For several decades, the pace of technology development has continued to accelerate. Technologies that used to take years to see significant adoption now seem to happen overnight and the number of things that get integrated together keeps rising. But it seems equally important that everything we buy becomes obsolete as quickly as possible so that we will have to buy a new product every couple of years – just to keep up. We used to pity our parents when they could not understand these new fangled devices, and it is clear that our children tend to gravitate towards different things than we do at times. Maybe it is a sign that we are now becoming that generation that will have pity piled on us before much longer. Maybe, maybe not, but I know that I still enjoy and appreciate much of it, even though sometimes I may be slower on the uptake than I used to be.
But there are a couple of things recently that I just don’t get. I cannot see the sense in them and I cannot understand how they are ultimately going to help me. The first of these is The Cloud. So they promise to offer me unlimited processing power and unlimited storage. Big deal! Disk is so cheap that I can buy Terabytes of storage for less than 10 cents per gigabyte and it can be connected at Gigabit per second communications speeds. Now yes, I still have a data security concern in that if my house were to be destroyed, I would lose all of my data and backups, but that doesn’t make me want “The Cloud”. It makes me want to be able to have a disk located somewhere else, that I can access through my backup software. If and when that is not enough space, I can add another disk. I expect that disk would probably be at a friend’s house – someone who I trust, but it could also have hardware security built into it as well so that all of the data is encrypted. Does such a thing exist? I haven’t been able to find such a product, but if anyone knows about it, please let me know. And as for unlimited processing power – what do I need that for? The amount of time it would take to get data there and back is probably more than I would save, especially since the most computer centric things I do are photo processing etc.
That brings me onto the second issue and that is security and privacy. I do not want to give my data to an unknown 3rd party who just tells me to trust them. How do I know that their security can be trusted? How do I know that my data won’t land in the hands of someone else? How do I know that someone wont, one day, be mining that data – anonymously of course – and providing that information to people I don’t even know for who knows what purpose! Today was the same as usual with news of another hacker getting into an established company and messing with their data. Why is data in The Cloud going to be any more secure than financial transactions data, or personnel data?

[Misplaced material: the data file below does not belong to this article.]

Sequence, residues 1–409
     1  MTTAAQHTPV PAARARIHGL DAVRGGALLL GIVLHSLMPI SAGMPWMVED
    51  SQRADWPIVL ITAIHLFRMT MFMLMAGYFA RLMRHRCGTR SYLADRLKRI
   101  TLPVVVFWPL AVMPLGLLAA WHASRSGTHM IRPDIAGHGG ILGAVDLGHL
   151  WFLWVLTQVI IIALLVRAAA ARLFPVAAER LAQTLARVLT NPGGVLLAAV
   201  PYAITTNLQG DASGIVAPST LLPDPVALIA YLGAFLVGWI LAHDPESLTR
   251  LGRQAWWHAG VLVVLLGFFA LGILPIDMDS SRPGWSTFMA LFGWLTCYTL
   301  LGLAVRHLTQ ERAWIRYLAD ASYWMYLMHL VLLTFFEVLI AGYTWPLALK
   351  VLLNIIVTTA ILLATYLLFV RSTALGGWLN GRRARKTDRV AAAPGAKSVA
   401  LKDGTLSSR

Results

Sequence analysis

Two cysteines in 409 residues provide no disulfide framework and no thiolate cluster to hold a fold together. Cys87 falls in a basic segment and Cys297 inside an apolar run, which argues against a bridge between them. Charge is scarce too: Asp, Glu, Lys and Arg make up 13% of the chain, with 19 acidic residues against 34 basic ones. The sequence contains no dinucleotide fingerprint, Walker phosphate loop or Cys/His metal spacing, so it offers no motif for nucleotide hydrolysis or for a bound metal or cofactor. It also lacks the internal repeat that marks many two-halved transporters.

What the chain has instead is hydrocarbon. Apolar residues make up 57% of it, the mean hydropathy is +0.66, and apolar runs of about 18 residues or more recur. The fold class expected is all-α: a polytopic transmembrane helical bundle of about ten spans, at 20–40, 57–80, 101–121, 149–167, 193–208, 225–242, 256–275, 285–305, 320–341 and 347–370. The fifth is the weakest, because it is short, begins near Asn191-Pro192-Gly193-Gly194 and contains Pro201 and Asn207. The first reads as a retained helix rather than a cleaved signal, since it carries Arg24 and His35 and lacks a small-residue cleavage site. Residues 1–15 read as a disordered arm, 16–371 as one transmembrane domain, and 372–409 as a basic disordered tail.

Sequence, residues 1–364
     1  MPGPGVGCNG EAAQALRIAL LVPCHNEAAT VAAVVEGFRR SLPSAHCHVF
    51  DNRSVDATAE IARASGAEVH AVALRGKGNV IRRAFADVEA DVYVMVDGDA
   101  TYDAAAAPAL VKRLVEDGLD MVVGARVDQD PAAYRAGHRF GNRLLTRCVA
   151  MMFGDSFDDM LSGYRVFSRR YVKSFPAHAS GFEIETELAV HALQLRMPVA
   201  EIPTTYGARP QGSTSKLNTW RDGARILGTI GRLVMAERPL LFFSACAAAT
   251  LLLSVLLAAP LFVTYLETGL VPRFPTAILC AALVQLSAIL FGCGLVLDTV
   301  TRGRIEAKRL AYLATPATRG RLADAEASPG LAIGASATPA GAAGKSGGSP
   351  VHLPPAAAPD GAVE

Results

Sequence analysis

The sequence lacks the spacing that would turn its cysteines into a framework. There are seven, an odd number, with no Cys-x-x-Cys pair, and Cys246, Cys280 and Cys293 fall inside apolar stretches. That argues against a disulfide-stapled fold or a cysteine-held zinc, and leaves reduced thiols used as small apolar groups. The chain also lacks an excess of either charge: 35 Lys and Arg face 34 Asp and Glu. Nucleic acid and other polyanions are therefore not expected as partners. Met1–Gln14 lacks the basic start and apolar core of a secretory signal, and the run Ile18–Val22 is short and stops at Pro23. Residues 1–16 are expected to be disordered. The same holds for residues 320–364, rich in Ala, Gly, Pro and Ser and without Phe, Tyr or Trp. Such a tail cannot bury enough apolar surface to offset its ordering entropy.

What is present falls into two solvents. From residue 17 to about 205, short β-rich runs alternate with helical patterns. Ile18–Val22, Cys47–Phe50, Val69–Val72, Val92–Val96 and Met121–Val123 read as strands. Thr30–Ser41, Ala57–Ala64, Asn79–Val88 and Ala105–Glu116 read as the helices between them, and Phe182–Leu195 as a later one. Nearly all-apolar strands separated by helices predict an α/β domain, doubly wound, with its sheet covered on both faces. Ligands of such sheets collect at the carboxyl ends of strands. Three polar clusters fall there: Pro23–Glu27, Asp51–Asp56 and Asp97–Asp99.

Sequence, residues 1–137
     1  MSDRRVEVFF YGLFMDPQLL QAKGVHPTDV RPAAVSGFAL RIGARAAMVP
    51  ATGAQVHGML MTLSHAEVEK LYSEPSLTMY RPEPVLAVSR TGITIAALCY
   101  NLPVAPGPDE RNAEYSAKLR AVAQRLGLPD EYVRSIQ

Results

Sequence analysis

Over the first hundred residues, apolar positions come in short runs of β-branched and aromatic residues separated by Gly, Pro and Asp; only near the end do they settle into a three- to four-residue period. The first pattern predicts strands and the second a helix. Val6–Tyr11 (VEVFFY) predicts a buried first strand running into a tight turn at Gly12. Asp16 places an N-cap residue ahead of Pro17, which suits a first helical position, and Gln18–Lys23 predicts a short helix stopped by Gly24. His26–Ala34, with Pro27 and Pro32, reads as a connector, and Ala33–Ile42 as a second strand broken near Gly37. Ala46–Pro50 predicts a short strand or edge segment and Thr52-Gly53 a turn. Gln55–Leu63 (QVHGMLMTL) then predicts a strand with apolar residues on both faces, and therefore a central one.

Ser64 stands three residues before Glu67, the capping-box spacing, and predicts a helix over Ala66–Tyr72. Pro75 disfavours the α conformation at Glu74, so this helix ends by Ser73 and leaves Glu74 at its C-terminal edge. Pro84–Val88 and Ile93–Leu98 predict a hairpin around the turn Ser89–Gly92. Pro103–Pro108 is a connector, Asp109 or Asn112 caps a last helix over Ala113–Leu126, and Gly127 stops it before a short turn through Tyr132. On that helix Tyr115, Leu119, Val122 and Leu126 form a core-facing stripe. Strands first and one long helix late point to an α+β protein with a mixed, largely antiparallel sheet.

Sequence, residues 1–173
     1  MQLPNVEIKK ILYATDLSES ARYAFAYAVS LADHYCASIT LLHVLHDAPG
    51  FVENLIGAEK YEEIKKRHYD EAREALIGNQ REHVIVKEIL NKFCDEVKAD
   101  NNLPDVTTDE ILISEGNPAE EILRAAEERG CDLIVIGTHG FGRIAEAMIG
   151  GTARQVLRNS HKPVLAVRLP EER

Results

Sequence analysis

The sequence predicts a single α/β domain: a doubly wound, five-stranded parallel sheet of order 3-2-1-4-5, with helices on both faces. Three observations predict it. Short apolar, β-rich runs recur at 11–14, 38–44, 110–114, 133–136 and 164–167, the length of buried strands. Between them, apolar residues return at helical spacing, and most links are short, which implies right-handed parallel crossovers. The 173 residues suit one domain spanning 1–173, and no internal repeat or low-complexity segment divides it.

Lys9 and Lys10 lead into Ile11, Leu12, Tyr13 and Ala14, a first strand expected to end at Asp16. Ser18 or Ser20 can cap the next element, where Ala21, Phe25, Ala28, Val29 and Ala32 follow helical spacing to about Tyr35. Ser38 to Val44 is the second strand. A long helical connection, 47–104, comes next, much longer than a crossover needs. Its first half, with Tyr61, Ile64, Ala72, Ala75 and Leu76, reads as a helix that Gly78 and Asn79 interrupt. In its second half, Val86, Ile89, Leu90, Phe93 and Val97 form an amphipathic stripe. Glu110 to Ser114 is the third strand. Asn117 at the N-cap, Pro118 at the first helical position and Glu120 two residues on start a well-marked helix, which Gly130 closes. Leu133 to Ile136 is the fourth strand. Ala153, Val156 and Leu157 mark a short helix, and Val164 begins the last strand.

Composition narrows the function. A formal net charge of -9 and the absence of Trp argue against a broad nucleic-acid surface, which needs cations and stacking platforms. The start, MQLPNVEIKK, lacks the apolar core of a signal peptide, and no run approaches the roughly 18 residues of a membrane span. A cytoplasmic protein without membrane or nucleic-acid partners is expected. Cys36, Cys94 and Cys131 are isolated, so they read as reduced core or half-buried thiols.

But it is not just about data security – the security issue is beginning to pop up everywhere. For example – GM vehicles contain OnStar. I do not believe that I can trust OnStar, or at least GM has not done enough to convince me that the system is secure. I have seen the reports about the system being used to track stolen vehicles. I have seen it being used to stop a car that police were pursuing – and who knows what else they can do. Now if we also start to get car-to-car networking in place, what is being done to ensure that nobody can interfere with my car? I have decided that until the car companies can persuade me of the efficacy of their security then I will not buy a car equipped with that kind of capability. It is not that I don’t understand it, it is that I don’t trust it.
So maybe that is why I will get left behind in the technology race. I am no longer willing to have blind faith in the technology being produced, especially when it concerns my safety and privacy. Younger people don’t seem to even think about these issue, but then they also don’t seem to worry about what they post on Facebook, or that what they do today will be there for an eternity, for everyone to see, and may come back to bite them later in life. Kids have no fear, teenagers think they are invincible and us old folks just want to preserve what we have – but privately.
Brian Bailey – keeping you covered.